A cloud audit is when an organization assesses the performance of its cloud vendor. Auditors can survey aspects of cloud use, including compliance with regulatory standards.
Authors of Cloud Auditing Best Practices Shinesa Cambric and Michael Ratemo acknowledge the complexity of cloud audit and cloud compliance, but they have created a set of practices to aid IT auditors. In this Q&A, Cambric and Ratemo discuss the relationship between cloud audit and cloud compliance as well as how both relate to governance.
Editor’s note: The following interview was edited for length and clarity.
How does cloud audit fold into compliance?
Shinesa Cambric: There are a lot of resources for auditors and compliance when it comes to on premises, but for those companies that are transitioning to the cloud, how do you relate that to an on-premises experience? How do you navigate step by step through each of the cloud providers to check for compliance within those systems?
Michael Ratemo: When we came up with the idea to write this book, one of the things we had in mind was how we can accommodate the different compliance regulations that are out there. One of the gaps we had seen was that there was no particular documentation or prescriptive guidelines for how you can audit the cloud. Part of auditing the cloud is looking at the different compliance regulatory standards. We wrote the book from the perspective of auditing these different components and including compliance as part of that. For example, with some of the different platforms, like AWS, they have a compliance module where you can check a box that can look for all the attributes for something like PCI. With that, you can assess the maturity of the organization from a compliance perspective as well as look at the security of it.
What is the importance of compliance?
Cambric: There is a two-fold type of experience. Compliance is not security, and security is not compliance — but they need to work hand in hand. If you don’t have that checklist or prescriptive guidance, then how do you know your security controls are being implemented effectively?
Ratemo: Compliance regulations have been set up for you to have a minimum standard of security. It does help to ensure that all organizations are at a baseline. If they have to adhere to certain compliance standards, at least they will have the minimum security baseline that they need to have. Compliance does not equal security, but, if you at least have the compliance standards in place, you have something which is better than having nothing.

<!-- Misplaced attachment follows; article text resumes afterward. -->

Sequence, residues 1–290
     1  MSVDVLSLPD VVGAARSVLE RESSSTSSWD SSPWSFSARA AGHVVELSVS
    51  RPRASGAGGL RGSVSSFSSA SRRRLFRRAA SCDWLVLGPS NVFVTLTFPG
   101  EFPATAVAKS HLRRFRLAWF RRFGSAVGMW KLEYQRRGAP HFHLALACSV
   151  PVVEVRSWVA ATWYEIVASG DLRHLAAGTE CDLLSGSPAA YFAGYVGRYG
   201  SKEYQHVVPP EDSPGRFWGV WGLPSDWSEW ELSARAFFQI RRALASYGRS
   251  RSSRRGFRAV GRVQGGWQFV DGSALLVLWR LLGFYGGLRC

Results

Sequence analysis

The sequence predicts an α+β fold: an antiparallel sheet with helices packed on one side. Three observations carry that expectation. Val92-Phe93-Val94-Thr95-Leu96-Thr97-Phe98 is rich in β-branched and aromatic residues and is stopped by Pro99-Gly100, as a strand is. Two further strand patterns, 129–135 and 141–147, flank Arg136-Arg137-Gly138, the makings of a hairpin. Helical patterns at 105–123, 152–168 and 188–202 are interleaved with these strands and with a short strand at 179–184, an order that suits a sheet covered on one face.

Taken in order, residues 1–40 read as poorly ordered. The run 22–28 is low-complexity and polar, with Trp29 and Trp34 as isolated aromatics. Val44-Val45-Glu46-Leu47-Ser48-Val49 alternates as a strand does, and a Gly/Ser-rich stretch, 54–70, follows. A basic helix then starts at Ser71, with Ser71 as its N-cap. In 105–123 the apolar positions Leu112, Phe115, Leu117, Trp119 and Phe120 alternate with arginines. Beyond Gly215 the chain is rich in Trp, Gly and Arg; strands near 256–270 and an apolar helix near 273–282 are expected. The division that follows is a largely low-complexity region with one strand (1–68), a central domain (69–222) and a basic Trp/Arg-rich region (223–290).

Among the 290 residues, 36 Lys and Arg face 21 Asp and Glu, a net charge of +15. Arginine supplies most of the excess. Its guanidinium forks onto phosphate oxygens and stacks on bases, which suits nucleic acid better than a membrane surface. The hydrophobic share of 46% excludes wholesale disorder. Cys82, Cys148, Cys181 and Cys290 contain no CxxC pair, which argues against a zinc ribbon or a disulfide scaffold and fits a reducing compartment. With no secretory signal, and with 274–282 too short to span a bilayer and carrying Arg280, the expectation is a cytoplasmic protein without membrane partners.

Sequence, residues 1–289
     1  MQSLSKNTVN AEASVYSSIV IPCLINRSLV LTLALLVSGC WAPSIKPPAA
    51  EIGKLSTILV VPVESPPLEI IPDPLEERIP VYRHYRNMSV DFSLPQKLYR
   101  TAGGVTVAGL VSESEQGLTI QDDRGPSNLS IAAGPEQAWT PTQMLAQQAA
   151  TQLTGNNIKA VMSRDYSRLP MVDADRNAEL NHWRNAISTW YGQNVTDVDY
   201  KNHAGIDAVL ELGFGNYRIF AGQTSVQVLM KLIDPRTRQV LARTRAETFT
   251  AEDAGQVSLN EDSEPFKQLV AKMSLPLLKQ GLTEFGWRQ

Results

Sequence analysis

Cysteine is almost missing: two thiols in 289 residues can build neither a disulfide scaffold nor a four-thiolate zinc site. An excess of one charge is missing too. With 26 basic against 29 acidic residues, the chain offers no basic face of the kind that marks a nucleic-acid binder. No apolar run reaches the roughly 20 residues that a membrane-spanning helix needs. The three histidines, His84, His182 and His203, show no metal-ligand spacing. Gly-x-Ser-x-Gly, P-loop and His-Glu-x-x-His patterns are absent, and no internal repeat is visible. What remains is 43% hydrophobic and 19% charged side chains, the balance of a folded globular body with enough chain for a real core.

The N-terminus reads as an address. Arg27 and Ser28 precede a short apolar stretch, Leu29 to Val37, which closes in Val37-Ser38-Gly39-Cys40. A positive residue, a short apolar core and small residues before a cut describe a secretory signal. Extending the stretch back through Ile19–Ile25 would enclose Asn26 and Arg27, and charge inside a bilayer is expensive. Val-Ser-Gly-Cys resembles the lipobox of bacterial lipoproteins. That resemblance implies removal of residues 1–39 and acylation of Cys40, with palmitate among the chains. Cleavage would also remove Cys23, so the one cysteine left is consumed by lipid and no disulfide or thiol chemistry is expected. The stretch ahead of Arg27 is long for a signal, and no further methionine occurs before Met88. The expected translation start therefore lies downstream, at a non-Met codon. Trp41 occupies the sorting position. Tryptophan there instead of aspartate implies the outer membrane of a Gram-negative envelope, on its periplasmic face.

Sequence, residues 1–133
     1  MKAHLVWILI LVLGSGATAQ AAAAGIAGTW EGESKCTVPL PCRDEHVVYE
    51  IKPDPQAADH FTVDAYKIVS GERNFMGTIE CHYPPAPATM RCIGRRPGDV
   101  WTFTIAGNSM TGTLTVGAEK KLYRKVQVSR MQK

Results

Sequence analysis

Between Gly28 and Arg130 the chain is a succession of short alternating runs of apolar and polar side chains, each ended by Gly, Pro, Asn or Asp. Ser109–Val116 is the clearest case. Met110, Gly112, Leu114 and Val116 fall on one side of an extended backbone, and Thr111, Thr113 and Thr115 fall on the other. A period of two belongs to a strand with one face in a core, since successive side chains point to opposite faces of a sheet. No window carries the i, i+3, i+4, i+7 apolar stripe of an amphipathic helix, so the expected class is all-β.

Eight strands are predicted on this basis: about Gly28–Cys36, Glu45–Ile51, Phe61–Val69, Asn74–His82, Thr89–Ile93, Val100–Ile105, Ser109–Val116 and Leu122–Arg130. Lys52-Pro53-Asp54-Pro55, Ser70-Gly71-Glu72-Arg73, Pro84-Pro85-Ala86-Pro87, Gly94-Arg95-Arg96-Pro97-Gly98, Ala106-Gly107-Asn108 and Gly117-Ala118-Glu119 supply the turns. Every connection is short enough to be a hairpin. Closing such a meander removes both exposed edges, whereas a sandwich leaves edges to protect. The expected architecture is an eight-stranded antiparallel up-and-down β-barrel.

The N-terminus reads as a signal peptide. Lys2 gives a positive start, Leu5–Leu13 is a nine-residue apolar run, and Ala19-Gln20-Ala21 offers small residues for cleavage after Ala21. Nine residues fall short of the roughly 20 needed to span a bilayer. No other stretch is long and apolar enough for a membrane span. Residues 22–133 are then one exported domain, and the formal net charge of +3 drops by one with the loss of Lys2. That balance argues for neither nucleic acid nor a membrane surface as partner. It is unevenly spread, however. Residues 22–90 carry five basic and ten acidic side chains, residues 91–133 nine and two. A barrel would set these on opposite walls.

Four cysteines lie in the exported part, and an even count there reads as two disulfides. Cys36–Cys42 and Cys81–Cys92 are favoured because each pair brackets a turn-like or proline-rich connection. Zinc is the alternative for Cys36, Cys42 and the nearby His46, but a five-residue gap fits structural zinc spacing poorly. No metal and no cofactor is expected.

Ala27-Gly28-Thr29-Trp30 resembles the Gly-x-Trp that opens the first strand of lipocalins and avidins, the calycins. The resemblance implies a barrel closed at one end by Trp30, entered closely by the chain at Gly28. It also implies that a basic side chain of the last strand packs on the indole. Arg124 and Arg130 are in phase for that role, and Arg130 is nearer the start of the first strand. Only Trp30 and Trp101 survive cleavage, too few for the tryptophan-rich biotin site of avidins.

How does auditing play a role in compliance and governance?
Cambric: Some companies have an internal compliance or auditing organization. The importance of this book helps them understand what the questions are that they should be asking. What are the areas within the environment they should be looking at? And then they can come together with other partners like cloud engineers, developers and their security teams to make sure that there is a comprehensive program that’s in place.
Ratemo: Auditing is having an evaluation of your program. It’s a third party looking at your program with independent eyes. Whenever organizations implement compliance and governance programs, the function of auditing is to come in and give an unbiased review of how this program has been implemented. That is what the role of auditing is, we come in there and give you recommendations based on best practices or framework on how you’ve implemented your governance or compliance.
Do you have advice for any IT auditors who are just starting out?
Cambric: Make sure you continue to invest in yourself and in learning. Look at the trends. Where is the industry going? Where are companies going? Keep up with trends like ChatGPT. What do these trends mean for auditing in the future? Make sure you have a foundational understanding of those types of technologies with cloud.
Ratemo: Have an open and inquiring mind when you’re performing audits. When you’re performing audits, you have to review business processes and interact with a lot of stakeholders. You need to have an open mind and listen without bias to every piece of information that you get. You will have to be able to make decisions based on the framework that you will be using. Read up on what the different auditing standards are, the auditing process, how you plan to audit, how you get into field work and how you do the reporting.
What is one thing you want your readers to know or take away from your book?
Cambric: Cloud is not going away; it will get more and more prevalent. If a company is not there yet they will be eventually so just keep those skill sets up.
Ratemo: The cloud is the future. Technology changes and knowledge is evolving very rapidly. One thing we want the readers to know is to keep up with these changes and invest in yourself, like Shinesa said. Read up on the latest technologies so you can stay up to pace to enable your organization to be secure. If you don’t, it’s going to be a challenge to secure based on the rate of change of technology.
About the authors
Shinesa Cambric (CCSP, CISSP, CISA, CISM, CDPSE) is contributing author to the book 97 Things Every Information Security Professional Should Know and eBook Shifting Security Left. Her work has been included in global IT industry forums such as SANS, ITSPMagazine podcast, RSAC, Secure Software Summit and DevOps.com and she presented at the RSAC 2023 conference.
Michael Ratemo (CISSP, CISA, CISM, GCSA, CCSK, CIA) is principal consultant at Cyber Security Simplified. Michael is the author of the LinkedIn Learning Course, Building and Auditing a Cyber Security Program. In addition, Michael is co-author of the book Cloud Auditing Best Practices.